I thought it would be great if my mom would write about our trip to Bath since she had set it up for us to see some of her family history spots! Hope you enjoy!
Jenny has asked me to write a few blogs about our trip so here goes!
What a lovely place! Jenny and I had several days on our recent trip to sightsee and explore in the UK while Billy left London for a business trip to Madrid. Jen and I have been to London many times (and we both had lived there at one time in our lives) so we know the city well and a short overnight trip out to the countryside seemed like the perfect thing to do.
My dad had recently been contacted by a distant relative who found him on Facebook. This man has been researching our shared geneology and had emailed us our family tree from my paternal grandmother’s side. The earliest date was 1790 with the birth of my great-great-great-great grandfather, William Gurner in Bath, England. We knew his name, wife’s name and marriage date and his occupation including specific addresses in Bath! We learned that most of our Bath family had been married and baptized in the Bath Abbey up until 1855. http://www.bathabbey.org
Bath is situated on a beautiful river - the Avon. As in Stratford-Upon-Avon. http://www.cityofbath.co.uk It's fairly close to the west coastline of England and also to Stonehenge. The trip to Bath from London is very quick via a train that leaves hourly from Paddington Station. It's a little over an hour and I found a cute little B&B via Hotels.com and booked the room just the day before we left London. (Thank you iPhone!)
We got to Bath mid-morning and checked into our B&B and set out for lunch and a tour of the Abbey. We happened to come into the Abbey during their daily afternoon organ concert. I found one of the robed chancellors or deacons, told him my story and he pulled out a huge book to see if our ancestors were buried or memorialized in the Abbey. After browsing through this large book we came up empty handed. I had thought about exploring the cemetery for grave markers, but without a car and with limited time we were unable to arrange it. Later that afternoon on our Big Bus tour we drove by the local cemetery and it's was very overgrown and we didn't know if there was a directory to help us find specific headstones - I guess that will be saved for another trip. We spent the rest of our first afternoon touring the Roman baths which are the only thermal spas in the UK - still flowing and still hot and steamy.
After a rainy Big Bus tour we hit the pub for some drinks and eventually found a great Indian restaurant with a terrific view of the Abbey and spent an hour or so after dinner walking a big loop around the town and across the famous Pulteney Bridge http://en.wikipedia.org/wiki/Pulteney_Bridge back to our B&B.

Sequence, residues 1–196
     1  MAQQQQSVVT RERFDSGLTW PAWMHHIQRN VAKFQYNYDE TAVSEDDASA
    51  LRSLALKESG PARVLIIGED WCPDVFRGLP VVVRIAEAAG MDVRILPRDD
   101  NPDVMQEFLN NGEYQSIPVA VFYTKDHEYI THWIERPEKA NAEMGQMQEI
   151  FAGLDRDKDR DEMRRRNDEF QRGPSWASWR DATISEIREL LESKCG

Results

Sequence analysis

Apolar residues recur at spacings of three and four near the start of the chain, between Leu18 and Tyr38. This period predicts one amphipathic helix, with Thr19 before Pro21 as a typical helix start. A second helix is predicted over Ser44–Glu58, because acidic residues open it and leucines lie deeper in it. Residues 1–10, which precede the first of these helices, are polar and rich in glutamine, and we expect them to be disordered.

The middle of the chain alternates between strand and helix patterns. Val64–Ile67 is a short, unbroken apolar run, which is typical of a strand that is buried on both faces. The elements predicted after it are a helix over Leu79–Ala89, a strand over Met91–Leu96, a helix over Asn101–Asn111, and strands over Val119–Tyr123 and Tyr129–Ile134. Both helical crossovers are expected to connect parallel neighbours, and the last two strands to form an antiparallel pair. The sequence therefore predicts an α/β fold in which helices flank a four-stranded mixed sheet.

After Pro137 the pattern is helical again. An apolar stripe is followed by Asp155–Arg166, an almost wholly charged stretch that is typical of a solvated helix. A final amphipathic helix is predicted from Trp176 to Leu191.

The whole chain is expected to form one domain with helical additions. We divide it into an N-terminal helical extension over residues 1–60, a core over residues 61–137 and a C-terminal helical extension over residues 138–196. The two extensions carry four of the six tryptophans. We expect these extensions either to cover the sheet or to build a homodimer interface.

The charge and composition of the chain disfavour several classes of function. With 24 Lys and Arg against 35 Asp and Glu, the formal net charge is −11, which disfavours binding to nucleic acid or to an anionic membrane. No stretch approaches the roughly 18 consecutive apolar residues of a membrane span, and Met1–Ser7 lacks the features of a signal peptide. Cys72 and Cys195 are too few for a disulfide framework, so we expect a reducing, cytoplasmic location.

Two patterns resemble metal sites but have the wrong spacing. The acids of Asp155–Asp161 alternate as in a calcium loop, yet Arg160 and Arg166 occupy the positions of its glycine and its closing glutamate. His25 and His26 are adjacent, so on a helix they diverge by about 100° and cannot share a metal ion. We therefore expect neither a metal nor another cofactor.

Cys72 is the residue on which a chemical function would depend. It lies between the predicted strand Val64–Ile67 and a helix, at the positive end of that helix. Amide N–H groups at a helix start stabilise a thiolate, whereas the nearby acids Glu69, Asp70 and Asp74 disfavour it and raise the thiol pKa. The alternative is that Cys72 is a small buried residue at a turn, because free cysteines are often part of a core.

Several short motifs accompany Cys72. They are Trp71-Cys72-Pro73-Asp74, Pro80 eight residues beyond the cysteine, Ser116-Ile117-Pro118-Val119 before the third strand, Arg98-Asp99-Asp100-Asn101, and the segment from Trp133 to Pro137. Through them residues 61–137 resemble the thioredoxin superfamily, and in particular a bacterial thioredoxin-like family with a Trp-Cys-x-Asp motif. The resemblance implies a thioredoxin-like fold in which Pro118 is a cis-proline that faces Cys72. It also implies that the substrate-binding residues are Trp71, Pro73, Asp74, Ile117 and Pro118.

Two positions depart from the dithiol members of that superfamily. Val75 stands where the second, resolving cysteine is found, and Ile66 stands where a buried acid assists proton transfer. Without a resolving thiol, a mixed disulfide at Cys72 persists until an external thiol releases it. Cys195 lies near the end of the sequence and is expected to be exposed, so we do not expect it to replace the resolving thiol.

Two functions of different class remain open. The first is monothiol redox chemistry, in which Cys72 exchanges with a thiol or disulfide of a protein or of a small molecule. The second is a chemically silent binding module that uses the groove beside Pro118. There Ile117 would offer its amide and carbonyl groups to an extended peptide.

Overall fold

The next day, I was anxious to see if I could find out more about my great (x4) grandfather. We knew he was a bookbinder, which in the early 1800's was quite an accomplished profession. He lived in Bath at the same time Jane Austen was alive and also a residence of Bath. They were 5 years apart in age, so it is possible they knew each other. In order to mentally prepare for the Bath excursion I was reading Persuasion by Jane Austen and it was fun to imagine that maybe my grandfather knew her and even worked on some of her manuscripts.
I found a local bookbinder shop called George Bayntun that has been in Bath since 1829. http://www.georgebayntun.com/index. When I explained my search and showed them our family tree, they too pulled out a book entitled “Book Binders of the United Kingdom (Outside London) 1780-1840.”. Seriously. I found out that my ancestor had indeed been a bookbinder, found his name in the book with 2 street addresses in Bath and discovered he had not been an independent bookbinder so the chance of finding any of his actual books was going to be a challenge (again – next trip or an internet search?). I was able to purchase a few antique prints in this shop, both printed at the time my great-grandfather lived there – one a map of Bath and the other an etching of the Bath Abbey exterior.
Continuing to explore our ancestors’ home city, Jenny and I got on our handy-dandy iPhone maps and they led us directly to the exact street addresses listed in the book! Amazing.
Our final activity was to have tea at the Jane Austen Center. http://www.janeausten.co.uk It was chilly and rainy in Bath so a pot of hot tea and some yummy pastries and finger sandwiches was the perfect end to our Bath excursion.
We had to catch an early afternoon train back to London to see Le Miserable that evening but I look forward to going back to that area and exploring more family history – plus I’ve never been to Stonehenge. Again – next trip!
Click here to see the Bath Pics!